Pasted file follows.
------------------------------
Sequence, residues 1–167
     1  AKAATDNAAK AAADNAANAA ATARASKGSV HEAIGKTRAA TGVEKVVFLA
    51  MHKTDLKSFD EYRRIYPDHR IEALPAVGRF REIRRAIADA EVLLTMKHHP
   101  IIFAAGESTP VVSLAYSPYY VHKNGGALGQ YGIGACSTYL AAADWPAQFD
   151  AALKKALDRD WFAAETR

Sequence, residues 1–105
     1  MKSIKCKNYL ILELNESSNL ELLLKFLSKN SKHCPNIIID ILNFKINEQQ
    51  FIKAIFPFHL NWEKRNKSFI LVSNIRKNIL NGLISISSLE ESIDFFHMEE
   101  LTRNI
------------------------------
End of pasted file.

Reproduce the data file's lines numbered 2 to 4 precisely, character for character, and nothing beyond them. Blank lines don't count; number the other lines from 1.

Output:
     1  AKAATDNAAK AAADNAANAA ATARASKGSV HEAIGKTRAA TGVEKVVFLA
    51  MHKTDLKSFD EYRRIYPDHR IEALPAVGRF REIRRAIADA EVLLTMKHHP
   101  IIFAAGESTP VVSLAYSPYY VHKNGGALGQ YGIGACSTYL AAADWPAQFD